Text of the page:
b.11 February 1899 d.18 May 1975
MC(1918) MRCS LRCP(1923) MB BS Lond(1924) MRCP(1925) MD(1927) FRCP(1940)
Morlock was born in Upper Norwood, London S.E. He was the son of Philip Henry Morlock, an export merchant, and Mary Aliene, daughter of John William Goodridge, a master mariner and Merchant Navy captain. There had been no previous medical connection in the family.
He was educated at Dulwich College and went to St. Bartholomew’s Hospital, London, for his medical training. His career was interrupted by the 1914-1918 war, and he served with distinction in the 1st Rifle Brigade. At the age of 19 he was awarded the Military Cross for conspicuous gallantry.
Morlock returned to civilian life in 1919 and resumed his medical studies, qualifying MRCS, LRCP in 1923. He was appointed Midwifery house surgeon and subsequently house physician to the Professorial Unit, and became chief assistant to Morley Fletcher, then casualty physician. He took the MD in 1927, and in that year, only 28 years old, was appointed assistant physician to the Miller General Hospital and assistant physician to the Hampstead General Hospital, where he met A. J. Scott Pinchin and became interested in diseases of the chest. In 1929 he was appointed assistant physician to the London Chest Hospital, where with Scott Pinchin he began to enquire into the methods of diagnosis and investigation of thoracic disease.
Until 1931 bronchoscopy in this country had been carried out mainly by laryngologists using general anaesthesia, at that time open chloroform and ether. With any lung infection or bronchial obstruction, in the absence of antibiotics this was a prescription for bronchopneumonia and a fatal outcome. This was also the era of rapid increase in the incidence of bronchial carcinoma. There was reluctance to the use of local anaesthesia. For these reasons, in late 1930, he and Scott Pinchin went to Haslinger’s Clinic in Vienna, to learn the technique of bronchoscopy under local anaesthesia. On returning they started a diagnostic clinic at the London Chest Hospital. Morlock was the driving force in the combination. With the help of Mr. Schranz, of the Genito-Urinary Company, the Jackson bronchoscope was adapted to the use of a telescope and a suction channel was incorporated. A powerful suction pump was devised. By this means continuous suction was available and it was possible to get a clear view of the trachea and major bronchi. He and Scott Pinchin (Ob. 1936) started writing on bronchoscopy under local anaesthesia. Several classical papers were produced. They demonstrated that so-called epituberculosis, until then regarded as a form of upper lobe tuberculous pneumonia, was in fact atelectasis due to occlusion of the bronchus from ulceration or pressure of a tuberculous lymph node. Their contribution to medicine was the more efficient diagnosis and treatment of pulmonary suppuration by bronchoscopy, lavage and suction drainage. Many patients were kept alive by these means until the advent of antibiotics made survival more assured.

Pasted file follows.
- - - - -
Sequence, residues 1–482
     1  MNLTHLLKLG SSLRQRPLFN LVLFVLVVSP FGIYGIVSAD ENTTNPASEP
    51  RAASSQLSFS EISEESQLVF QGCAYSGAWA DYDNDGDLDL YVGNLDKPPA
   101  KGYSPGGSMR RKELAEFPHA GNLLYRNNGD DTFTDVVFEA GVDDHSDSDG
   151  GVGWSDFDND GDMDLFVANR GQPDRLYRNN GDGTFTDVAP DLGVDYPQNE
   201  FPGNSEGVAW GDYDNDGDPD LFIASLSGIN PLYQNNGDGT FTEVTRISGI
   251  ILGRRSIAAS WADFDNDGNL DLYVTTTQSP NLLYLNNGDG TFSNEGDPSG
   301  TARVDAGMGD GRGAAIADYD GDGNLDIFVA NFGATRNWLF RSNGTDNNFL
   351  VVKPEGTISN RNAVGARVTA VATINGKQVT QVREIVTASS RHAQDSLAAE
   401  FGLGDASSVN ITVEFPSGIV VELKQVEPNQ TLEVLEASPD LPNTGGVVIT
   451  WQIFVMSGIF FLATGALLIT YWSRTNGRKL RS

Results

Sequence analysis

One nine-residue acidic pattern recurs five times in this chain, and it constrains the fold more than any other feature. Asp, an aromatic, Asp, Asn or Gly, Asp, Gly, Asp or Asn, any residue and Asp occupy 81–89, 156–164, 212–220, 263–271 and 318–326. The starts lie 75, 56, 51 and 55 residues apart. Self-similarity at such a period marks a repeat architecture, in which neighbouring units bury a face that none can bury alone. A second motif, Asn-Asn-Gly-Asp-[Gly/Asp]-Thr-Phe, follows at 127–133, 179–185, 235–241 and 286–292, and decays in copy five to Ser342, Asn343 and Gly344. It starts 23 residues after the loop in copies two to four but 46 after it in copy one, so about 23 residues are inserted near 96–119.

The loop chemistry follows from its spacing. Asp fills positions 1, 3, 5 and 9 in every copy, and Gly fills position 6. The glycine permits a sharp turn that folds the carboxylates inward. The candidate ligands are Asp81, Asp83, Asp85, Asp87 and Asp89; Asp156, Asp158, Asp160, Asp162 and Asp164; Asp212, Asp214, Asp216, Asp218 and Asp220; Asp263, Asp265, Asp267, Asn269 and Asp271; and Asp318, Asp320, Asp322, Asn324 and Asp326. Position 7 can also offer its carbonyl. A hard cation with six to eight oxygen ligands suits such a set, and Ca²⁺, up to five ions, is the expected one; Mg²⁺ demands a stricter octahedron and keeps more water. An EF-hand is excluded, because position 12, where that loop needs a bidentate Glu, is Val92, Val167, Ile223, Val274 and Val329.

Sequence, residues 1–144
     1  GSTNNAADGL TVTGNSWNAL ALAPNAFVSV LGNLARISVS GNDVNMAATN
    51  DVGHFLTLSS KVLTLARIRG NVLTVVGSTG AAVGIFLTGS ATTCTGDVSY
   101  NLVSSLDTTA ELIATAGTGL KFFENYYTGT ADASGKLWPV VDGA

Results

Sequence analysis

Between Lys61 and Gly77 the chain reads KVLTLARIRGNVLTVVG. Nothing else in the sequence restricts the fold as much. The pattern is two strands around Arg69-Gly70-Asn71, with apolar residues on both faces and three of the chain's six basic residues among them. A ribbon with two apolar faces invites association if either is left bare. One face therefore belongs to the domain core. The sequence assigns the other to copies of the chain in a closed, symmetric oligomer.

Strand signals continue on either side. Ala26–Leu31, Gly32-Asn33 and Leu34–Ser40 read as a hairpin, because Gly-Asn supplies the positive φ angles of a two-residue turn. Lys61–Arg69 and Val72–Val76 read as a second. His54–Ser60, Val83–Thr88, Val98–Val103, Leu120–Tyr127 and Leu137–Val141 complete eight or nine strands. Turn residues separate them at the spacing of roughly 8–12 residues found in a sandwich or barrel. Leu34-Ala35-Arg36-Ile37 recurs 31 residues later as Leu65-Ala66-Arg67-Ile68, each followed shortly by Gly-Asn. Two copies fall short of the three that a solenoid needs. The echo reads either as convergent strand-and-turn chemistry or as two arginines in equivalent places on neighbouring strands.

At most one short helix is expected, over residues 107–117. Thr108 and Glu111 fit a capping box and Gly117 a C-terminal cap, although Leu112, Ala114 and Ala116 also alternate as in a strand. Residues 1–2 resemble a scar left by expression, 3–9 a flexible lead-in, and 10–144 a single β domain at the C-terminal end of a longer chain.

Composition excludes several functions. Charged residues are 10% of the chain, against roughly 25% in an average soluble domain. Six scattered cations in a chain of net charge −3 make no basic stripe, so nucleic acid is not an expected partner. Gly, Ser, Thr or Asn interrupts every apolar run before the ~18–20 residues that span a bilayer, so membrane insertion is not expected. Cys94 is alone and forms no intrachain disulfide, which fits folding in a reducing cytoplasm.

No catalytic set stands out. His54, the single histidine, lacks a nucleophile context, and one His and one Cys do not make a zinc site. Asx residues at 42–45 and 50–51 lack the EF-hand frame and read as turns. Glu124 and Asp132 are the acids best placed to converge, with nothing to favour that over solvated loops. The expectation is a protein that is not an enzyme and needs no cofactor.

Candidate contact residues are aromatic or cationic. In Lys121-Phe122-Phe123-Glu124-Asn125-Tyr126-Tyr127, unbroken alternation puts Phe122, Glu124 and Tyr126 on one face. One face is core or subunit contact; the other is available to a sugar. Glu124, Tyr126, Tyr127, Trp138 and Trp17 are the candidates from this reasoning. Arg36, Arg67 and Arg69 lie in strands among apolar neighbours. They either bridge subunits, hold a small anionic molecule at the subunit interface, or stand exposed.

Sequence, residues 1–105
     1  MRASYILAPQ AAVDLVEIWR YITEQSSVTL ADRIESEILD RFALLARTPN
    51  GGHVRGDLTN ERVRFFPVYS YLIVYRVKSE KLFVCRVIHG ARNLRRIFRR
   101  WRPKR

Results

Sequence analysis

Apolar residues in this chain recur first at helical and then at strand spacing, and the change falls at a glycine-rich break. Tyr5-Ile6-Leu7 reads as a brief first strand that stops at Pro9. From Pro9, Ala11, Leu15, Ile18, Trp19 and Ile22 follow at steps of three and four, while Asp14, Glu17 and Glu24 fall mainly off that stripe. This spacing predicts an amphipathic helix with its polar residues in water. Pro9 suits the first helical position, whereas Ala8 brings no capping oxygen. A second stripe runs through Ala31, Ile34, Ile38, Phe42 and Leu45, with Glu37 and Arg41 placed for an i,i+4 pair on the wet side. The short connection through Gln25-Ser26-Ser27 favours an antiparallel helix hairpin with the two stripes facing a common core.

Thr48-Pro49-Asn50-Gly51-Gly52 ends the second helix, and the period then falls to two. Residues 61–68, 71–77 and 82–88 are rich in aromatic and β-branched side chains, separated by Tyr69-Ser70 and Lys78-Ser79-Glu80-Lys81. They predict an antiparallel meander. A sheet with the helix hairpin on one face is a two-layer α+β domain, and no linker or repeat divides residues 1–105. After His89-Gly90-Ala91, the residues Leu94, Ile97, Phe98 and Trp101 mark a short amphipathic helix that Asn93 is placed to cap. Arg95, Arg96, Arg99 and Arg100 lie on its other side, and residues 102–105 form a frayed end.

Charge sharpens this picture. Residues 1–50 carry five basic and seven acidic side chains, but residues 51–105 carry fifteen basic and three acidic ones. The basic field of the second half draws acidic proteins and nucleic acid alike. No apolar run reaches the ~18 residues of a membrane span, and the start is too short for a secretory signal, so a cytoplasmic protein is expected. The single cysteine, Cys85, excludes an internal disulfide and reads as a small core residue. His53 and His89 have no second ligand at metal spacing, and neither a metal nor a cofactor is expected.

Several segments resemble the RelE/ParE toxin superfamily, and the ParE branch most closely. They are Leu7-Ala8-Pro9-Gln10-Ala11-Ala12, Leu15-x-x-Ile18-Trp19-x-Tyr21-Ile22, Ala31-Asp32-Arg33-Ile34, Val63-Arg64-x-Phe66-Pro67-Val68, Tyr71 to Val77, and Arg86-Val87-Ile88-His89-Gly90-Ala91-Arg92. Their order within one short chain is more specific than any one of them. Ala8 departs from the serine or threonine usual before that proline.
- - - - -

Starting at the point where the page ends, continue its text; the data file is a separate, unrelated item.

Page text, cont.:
On the outbreak of war in 1939 and dispersal of medical staff, Morlock concentrated his work at the Miller General Hospital and he gave up his West End consulting room. After the war he never seemed to regain his medical enthusiasm and became more involved in his country estate.
In his youth he had given evidence of great physicial energy. He was a keen rugger player and represented his school, St. Bartholomew’s Hospital and the Barbarians. He was an extrovert and admitted it. He wore a morning coat, stiff shirt and cuffs, a cravat with a pearl pin and a silk hat, which he maintained offset his youthful appearance, impressed the patients and gave them confidence. He was a pioneer and did not underrate his contribution to medicine. In consequence he was regarded as an ‘enfant terrible’ by many of his senior colleagues. Nevertheless he was looked up to by his juniors as an outstanding physician and teacher. Those who really got to know him saw him as a boyish, cheerful, loyal and generous colleague. He gave support and encouragement where he thought it was needed. Many owe their success in later life to the advice he gave them at a critical stage of their career. He was warmhearted and understanding to his patients, many of them suffering from diseases at that time much dreaded, tuberculosis and carcinoma.
His main contribution to medicine was the establishment of bronchoscopy as a safe and essential investigation in the diagnosis of pulmonary disease.
[Brit.med.J., 1975, 2, 757; Lancet, 1975, 1, 1390]
(Volume VI, page 347)
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